“The Handmaiden” is definitely one of those films that everyone needs to see before they die. Well, it’s definitely not for everyone, but everyone should give it a try.
This little Asian gem has everything that a viewer would want from a film. It’s visually stunning and the story is just out of this world. “The Handmaiden” keeps the audience on its toes, wondering what’s going to happen next. Then, it ends with a major twist blowing everyone’s mind away. It’s seriously that good.
Who’s the director? Park Chan-Wook is the man that brought this amazing story to life. If I didn’t know his name before, I’ll definitely start paying more attention to his future works. I just hope that Hollywood doesn’t get any ideas about making a remake of this fine work, because it won’t work. The world deserves to watch original films and not remakes.
(Please do not continue if you don’t want spoilers.)
The Handmaiden — The Story
What’s the story about? A young woman is hired as a handmaiden to a Japanese heiress. There are mainly four characters in this story: Sook-Hee (the handmaiden); Lady Hideko (the Japanese heiress), “Count Fujiwara” (the conman) and Kouziki (Hideko’s uncle). At first, I thought it was watching a linear story. Oh boy… I couldn’t be more wrong and nothing is what it seems.
Korea is currently occupied by the Japanese. A man who presents himself as “Count Fujiwara” (Jung-woo Ha) hires a young woman named “Sook-Hee” (Tae-ri Kim) to become the handmaiden of a mysterious Japanese heiress “Lady Hideko” (Min-hee Kim). He’s a conman and she’s a pickpocket. What’s the plan? Fujiwara wants to marry Lady Hideko and take her money away. However, that’s not all. Not only he wants to strip her from all of her fortune, he also wants to lock her in a mental institution. In order to do that, he needs Sook-Hee to gain Lady Hideko’s trust, so she can convince her to marry him. As the story progresses, everything seems to go according to plan. Lady Hideko and Fujiwara end up getting married but it’s Sook-Hee who ends up in an asylum.
Plot twist: Lady Hideko is not as innocent as she appears to be. It turns out, she has been “groomed” since a very young by her uncle and aunt to read erotic novels to aristocrats. Actually, Kouziki (Jin-woong Jo) is the puppet master behind this devious “arrangement”. Hideko and her aunt are just victims of his deviant desires. Not only this man is perverted but he’s greedy too. He wants to marry his own niece, just to get his hands on her money. Well, this is the part of the film where the audience learns that Lady Hideko and Fujiwara have been orchestrating a wicked plan to deceive both Kouziki and Sook-Hee. They were planning to escape from Kouziki and take Sook-Hee’s identity.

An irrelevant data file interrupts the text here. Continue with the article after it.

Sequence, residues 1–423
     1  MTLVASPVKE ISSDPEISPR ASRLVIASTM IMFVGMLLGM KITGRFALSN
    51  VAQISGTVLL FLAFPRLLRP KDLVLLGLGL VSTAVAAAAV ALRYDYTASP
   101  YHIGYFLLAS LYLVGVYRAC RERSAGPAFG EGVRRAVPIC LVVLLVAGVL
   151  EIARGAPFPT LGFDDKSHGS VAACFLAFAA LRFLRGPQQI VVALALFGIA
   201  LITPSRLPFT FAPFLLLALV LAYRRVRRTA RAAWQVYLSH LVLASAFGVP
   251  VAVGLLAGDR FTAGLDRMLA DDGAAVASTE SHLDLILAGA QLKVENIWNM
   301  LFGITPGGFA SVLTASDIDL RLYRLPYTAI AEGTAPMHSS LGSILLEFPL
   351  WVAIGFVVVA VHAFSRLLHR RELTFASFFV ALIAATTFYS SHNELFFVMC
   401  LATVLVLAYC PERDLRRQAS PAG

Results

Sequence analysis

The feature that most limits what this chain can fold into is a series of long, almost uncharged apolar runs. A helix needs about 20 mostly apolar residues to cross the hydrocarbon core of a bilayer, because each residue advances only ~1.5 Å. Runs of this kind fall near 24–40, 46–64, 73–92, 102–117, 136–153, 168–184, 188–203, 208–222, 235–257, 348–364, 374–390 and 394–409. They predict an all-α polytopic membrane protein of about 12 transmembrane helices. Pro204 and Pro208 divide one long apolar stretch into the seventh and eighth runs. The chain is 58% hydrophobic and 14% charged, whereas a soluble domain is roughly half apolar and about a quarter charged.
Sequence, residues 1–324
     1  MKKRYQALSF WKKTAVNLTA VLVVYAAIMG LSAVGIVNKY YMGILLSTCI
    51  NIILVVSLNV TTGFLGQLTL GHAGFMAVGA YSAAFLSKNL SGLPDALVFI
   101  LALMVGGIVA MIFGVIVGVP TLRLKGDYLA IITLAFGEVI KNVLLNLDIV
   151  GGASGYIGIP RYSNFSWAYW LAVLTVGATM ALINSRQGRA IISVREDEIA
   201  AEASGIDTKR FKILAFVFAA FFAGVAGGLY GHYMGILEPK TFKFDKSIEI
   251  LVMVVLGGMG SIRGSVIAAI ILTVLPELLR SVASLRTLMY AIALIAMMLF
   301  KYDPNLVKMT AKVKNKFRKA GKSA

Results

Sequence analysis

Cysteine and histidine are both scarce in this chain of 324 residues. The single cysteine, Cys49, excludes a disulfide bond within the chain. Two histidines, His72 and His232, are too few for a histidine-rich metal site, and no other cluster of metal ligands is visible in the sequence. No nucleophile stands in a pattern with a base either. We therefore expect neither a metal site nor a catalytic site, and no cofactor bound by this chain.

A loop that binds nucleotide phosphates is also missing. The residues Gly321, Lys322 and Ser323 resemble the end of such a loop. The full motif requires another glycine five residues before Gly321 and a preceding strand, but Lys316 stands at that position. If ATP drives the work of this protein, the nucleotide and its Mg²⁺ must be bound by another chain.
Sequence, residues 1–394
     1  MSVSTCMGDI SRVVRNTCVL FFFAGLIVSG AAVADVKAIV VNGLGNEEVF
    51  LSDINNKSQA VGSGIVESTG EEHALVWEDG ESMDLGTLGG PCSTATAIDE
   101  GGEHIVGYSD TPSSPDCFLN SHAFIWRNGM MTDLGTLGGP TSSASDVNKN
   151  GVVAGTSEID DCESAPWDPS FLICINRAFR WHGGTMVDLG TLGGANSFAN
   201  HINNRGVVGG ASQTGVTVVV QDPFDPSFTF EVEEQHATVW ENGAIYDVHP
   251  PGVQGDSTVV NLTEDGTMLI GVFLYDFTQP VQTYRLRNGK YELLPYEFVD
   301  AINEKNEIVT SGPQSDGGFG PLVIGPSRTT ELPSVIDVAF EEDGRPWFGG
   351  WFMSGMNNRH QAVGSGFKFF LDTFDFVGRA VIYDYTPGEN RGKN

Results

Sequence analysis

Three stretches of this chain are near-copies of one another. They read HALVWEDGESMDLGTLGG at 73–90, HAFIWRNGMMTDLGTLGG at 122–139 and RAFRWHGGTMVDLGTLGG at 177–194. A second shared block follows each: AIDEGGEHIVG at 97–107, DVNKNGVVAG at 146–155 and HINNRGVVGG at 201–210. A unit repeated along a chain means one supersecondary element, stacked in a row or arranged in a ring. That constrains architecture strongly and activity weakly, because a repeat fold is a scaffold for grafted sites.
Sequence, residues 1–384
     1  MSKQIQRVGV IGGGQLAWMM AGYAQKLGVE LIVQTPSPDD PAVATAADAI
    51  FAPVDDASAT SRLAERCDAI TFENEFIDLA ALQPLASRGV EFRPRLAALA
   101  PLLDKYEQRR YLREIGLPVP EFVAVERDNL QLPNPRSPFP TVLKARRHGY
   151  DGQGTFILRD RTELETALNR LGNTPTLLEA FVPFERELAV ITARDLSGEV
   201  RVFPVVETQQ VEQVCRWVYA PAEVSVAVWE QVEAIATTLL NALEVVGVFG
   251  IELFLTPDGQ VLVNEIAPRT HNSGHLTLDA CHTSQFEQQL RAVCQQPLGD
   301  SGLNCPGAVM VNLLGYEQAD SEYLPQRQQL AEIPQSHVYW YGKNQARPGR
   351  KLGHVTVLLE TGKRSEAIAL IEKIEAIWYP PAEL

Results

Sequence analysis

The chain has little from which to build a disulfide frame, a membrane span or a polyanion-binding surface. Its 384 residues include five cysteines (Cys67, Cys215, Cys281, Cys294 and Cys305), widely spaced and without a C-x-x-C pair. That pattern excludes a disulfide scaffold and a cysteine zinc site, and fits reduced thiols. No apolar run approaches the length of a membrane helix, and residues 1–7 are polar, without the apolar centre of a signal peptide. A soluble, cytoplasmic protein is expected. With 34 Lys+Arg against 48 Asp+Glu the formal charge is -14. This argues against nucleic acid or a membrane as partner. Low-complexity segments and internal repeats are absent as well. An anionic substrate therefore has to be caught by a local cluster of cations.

Plot twist: Lady Hideko and Sook-Hee were working together all this time to get back at Fujiwara. The tables have turned… Now, the audience learns that Lady Hideko and Sook-Hee end up developing true feelings for each other. Sook-Hee confesses her “intentions” and Lady Hideko confesses Fujiwara’s plan to put her in an asylum and take her identity. After this “honest” moment, they both plot against Fujiwara and Kouziki. Actually, they plot mainly against Fujiwara, Kouziki is just collateral damage. What’s the plan? Drug Fujiwara, “hand him” to Kouziki and runway from everything.
I believe I already gave out too many spoilers. As I said before, this film is not for everyone. There are some intense love scenes between the two leading ladies, which I was not expecting at all. However, they were tastefully shot (in my opinion). In very few words, “The Handmaiden” is: sexy, clever and powerful. It’s one of those films that will make you feel a certain type of way: you’ll either hate it or love it, but you won’t be indifferent to it. In addition, I found the female leads really refreshing. They are strong and masters of their own destiny, which is quite a contrast to how usually women are perceived and portrayed in film.
Though major spoilers were spilled, there are still plenty of more surprises in the film. Once again, the film is really that good.